I didn’t winter garden this year but instead spent most of January and February in the San Antonio Texas area ( loved the weather!) . By the time February arrived the garden bug tugged at me and I found myself buying seeds. It felt great buying a few packets but if I do this again I’ll take some seeds with me. Jalapeno peppers, chard, basil, lettuce and kale starts were left for my Texas son who also inherited a green thumb. He’ll take good care of them. Now I’m back in Pennsylvania and my lettuce, kale and basil have sprouted. My peppers aren’t up yet and you can wait until April 1st to plant them, but I usually start the seeds in March because of their characteristic slow germination.
Greens are usually the first seeds I plant. They like cool weather, will transplant easily to the greenhouse or garden raised beds and do well. Leaf lettuce sprouts pictured above are Yankee Hardy Blend from High Mowing Seeds. Other varieties of lettuce from High Mowing Seeds that I typically use are:
- DMR Blend which has superior downy mildew resistance, an important consideration for spring, fall and winter gardens or greenhouses. 28 days baby leaf
- Red Oak Leaf forms a nice small head if not cut. 30 days baby, 60 days mature
- Blade lettuce a deep thin red oakleaf resistant to downy mildew, 30 days baby leaf.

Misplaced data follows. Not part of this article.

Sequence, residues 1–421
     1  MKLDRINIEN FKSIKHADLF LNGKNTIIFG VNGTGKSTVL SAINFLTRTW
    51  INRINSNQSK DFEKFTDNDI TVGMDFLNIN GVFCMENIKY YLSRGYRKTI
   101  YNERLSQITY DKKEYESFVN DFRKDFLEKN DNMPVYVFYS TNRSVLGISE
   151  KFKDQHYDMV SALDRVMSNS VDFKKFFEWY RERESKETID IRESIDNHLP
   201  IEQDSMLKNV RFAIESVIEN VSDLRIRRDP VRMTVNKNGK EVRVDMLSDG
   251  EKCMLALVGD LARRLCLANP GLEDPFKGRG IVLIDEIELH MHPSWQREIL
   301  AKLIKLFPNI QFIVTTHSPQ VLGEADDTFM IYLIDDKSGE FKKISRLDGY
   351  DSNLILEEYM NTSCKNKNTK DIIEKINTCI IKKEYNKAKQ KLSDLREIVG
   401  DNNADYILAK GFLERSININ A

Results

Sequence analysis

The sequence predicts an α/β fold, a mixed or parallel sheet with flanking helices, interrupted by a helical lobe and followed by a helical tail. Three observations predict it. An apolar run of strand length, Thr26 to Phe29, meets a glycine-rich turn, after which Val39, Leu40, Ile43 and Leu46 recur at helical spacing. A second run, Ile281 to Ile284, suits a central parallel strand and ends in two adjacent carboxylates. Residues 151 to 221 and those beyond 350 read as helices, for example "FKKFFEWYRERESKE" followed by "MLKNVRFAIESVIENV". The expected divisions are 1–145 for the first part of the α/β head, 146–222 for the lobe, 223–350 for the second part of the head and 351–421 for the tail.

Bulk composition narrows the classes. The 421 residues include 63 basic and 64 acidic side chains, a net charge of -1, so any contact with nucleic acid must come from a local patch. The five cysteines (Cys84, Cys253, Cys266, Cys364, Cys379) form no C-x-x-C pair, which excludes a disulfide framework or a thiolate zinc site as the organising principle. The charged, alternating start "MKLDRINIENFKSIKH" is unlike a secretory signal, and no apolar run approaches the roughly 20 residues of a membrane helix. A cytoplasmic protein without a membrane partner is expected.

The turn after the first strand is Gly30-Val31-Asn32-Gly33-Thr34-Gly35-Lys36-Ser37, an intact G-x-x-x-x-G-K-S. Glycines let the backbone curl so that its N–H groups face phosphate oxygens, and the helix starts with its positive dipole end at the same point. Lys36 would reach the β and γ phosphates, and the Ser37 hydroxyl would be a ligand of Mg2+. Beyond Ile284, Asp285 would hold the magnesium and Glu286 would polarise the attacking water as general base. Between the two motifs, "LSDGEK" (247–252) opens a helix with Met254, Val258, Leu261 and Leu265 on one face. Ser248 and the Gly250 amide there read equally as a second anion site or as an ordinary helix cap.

- Butterhead or Bibb lettuces such as Roxy and Pirat are favorites too, slower to germinate but very big on taste – mild buttery so tender yet crisp. 30 days baby leaf and 55 or 60 days mature.
- Outredgeous a Romaine type that is very colorful and I use it more as a ‘cut-and-come’ again lettuce.
- Meslun Mix are another choice and one of the fastest to germinate. Baby leaf lettuce combined with tender baby leaf mustard greens are a special treat in a salad.
I like variety in my greens and these are just a few.
Kale greens are a staple for me. I eat them year around and they can be grown all year under the right conditions. They quickly germinate and their rate of growth is phenomenal. I usually pick some of the leaves before the mature date since baby kale is so tender and nutritious. They provide vitamins K and B besides the elements calcium, magnesium, iron and contribute protein to your diet.
- A Tuscan variety Lacinato Rainbow from Wild Garden Seeds I have grown for years. It’s considered a European kale with savoyed leaves.
- Another is Red Ruffled a ruso-siberian kale also from Wild Garden Seeds. Smooth but slightly ruffled at the edges this is a mild tasting kale, almost spinach-like but with more taste and it doesn’t bolt in the summer.The mild taste persists through baby stage to mature plant.
- New this year in the garden for me is Dwarf Green Curled kale. 50 days mature
- I have heard about Darkibor in the greens community and can’t wait to try it. 50 days mature.
- Another is Vates kale which is one of the hardiest winter kales.
All of the sprouts look somewhat alike at this stage but I’ll include photos along the way. I’ve also included links that show the plants at maturity (click on the highlighted words). I think I truly feel alive each spring as I plan and plant a garden. Something about growing rejuvenates me every year. So much promise… Until next time.